Cats and Carbs

Cats and Carbohydrates – Separating Fact from Fiction


Photo credit: Robert Couse-Baker/

Cats have adapted evolutionarily to a high-protein, low-carbohydrate diet. According to most sources, the makeup of the natural prey (i.e. rodents, etc.) is roughly 55% protein, 45% fat and 1-2% carbohydrate (on a dry matter basis.)

That does not, however, mean that cats are unable to successfully metabolize digestible forms of carbohydrates, though they do metabolize them in a way that is different from dogs and people. It has been repeatedly demonstrated that cats can efficiently use carbohydrates to meet their energy needs, though it is not a requirement unless the cat is pregnant or feeding kittens. Normal healthy cats do quite well on a diet of 40% carbohydrates or more.

You don’t need to take my word for this, or that of Eukanuba or Iams. Here are several references that look at carbohydrate metabolism in cats and conclude that cats can utilize carbohydrates pretty well, particularly finely ground or cooked grains. (In case you’re wondering, these sources were not provided by Iams or Eukanuba.)

Kienzle E. Carbohydrate metabolism of the cat – 2. Digestion of starch. J Anim Physiol Anim Nutr 1993;69:102-114.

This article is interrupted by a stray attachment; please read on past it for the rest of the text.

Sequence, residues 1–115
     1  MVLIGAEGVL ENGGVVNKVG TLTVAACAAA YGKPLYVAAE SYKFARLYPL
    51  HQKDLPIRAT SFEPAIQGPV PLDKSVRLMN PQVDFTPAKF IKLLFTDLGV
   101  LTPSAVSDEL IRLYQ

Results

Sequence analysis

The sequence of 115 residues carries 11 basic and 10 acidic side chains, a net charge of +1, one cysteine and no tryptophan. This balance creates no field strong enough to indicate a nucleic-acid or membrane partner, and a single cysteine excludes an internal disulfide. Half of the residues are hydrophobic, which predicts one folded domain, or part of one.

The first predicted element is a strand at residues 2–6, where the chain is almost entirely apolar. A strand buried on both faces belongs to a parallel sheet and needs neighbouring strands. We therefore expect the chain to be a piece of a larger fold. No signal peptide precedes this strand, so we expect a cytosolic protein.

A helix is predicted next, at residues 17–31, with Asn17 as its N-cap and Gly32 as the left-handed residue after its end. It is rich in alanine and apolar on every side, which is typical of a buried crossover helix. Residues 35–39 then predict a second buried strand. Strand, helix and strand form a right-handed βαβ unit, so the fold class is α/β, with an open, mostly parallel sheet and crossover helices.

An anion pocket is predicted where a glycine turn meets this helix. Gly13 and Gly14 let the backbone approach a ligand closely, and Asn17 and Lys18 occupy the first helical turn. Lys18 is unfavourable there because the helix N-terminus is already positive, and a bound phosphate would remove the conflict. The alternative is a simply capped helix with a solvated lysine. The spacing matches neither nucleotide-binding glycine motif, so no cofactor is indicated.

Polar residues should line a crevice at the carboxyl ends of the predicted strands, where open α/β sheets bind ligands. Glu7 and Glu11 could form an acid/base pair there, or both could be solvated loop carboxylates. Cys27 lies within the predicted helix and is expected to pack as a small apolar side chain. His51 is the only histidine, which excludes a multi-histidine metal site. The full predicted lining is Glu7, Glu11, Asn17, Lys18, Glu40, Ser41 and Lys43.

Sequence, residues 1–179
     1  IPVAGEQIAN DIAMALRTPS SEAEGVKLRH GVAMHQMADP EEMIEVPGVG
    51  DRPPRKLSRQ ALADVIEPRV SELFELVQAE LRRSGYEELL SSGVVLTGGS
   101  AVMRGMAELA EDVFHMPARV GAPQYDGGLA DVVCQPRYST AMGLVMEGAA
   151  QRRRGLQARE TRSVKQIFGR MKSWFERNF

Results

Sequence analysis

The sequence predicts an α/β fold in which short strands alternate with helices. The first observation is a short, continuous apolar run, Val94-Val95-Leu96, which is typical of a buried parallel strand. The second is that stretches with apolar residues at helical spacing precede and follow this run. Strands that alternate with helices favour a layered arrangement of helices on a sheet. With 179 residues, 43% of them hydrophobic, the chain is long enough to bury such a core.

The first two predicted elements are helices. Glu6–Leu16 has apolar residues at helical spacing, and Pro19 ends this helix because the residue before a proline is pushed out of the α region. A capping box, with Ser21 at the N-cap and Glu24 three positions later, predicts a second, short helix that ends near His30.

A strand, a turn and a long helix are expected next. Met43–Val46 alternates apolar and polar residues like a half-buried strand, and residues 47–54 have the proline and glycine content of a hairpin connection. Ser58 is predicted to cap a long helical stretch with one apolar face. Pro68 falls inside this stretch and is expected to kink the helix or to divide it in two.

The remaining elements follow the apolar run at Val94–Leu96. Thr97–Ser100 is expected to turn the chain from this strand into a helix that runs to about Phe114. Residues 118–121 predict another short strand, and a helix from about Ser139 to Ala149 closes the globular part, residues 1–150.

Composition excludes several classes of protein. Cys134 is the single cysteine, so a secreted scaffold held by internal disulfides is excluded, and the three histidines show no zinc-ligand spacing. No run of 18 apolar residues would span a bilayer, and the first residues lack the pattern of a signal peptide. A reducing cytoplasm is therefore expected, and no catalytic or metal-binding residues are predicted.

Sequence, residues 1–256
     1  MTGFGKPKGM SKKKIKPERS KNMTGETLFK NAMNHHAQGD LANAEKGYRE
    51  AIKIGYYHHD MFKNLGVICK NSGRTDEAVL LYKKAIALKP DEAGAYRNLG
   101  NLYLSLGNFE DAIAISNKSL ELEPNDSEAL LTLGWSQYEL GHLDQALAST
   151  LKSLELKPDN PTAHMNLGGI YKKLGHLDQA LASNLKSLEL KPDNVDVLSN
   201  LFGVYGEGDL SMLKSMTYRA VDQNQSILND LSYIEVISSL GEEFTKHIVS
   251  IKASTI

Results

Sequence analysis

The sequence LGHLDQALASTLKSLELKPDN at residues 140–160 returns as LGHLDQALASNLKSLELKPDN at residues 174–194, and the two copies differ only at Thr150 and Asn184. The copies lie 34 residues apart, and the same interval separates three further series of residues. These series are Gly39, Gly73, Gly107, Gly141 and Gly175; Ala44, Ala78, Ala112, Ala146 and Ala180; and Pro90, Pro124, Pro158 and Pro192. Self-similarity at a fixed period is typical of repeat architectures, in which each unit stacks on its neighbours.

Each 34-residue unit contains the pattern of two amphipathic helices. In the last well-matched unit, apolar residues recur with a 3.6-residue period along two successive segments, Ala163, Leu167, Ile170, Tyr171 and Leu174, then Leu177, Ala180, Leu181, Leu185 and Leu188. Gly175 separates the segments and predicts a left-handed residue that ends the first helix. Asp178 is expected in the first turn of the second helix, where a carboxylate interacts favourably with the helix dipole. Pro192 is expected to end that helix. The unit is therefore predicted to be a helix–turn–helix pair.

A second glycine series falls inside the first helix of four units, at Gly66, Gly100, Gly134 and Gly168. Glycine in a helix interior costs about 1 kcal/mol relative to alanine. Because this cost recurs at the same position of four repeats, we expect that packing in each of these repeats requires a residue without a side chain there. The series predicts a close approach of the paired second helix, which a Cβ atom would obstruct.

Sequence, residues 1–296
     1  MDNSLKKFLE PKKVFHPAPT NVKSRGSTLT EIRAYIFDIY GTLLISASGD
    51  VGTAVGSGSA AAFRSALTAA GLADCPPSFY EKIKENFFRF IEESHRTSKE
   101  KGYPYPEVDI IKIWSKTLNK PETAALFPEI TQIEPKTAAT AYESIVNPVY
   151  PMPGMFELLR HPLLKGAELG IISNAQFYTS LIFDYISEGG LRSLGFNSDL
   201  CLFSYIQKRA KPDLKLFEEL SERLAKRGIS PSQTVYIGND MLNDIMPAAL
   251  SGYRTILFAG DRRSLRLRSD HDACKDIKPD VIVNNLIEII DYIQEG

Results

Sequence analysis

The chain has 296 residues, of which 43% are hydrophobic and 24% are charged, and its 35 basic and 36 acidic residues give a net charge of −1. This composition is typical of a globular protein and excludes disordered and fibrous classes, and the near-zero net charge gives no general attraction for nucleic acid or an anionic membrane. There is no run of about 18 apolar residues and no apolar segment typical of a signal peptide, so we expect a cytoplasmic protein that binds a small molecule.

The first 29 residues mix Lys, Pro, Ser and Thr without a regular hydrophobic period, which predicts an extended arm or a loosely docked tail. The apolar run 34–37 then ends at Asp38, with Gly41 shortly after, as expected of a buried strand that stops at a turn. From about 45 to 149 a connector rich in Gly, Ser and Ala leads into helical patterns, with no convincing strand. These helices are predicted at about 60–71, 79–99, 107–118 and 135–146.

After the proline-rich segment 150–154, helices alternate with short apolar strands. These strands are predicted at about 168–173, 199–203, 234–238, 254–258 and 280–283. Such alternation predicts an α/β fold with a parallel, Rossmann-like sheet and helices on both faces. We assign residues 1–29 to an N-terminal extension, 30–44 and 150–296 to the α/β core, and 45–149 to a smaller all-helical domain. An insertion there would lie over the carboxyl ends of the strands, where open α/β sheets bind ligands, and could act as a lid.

Morris JG, Trudell J, Pencovic T. Carbohydrate digestion by the domestic cat (Felis catus). . Brit J Nutr 1977;37:365-373.

de-Oliveira LD, Carciofi AC, Oliveira MC, et al. Effects of six carbohydrate sources on cat diet digestibility and postprandial glucose and insulin response J Anim Sci 2008;86:2237-2246.

Now, that being said, I don’t think you should purposely look for a food that has a high carbohydrate content to feed your cat. However, I also don’t think you need to look for a food that has 1-2% carbohydrates (on a dry matter basis) either. Foods that have a moderate amount of carbohydrates, say 20-45%, can be a good choice for a normal healthy cat.

One of the most important things you can do for your cat though, regardless of the type of food you are feeding, is to keep your cat lean. Cats that are overweight or obese have a much higher incidence of disease and live shorter lives with a lower quality of life. In many cases, that will mean that feeding your cat free choice is a bad decision.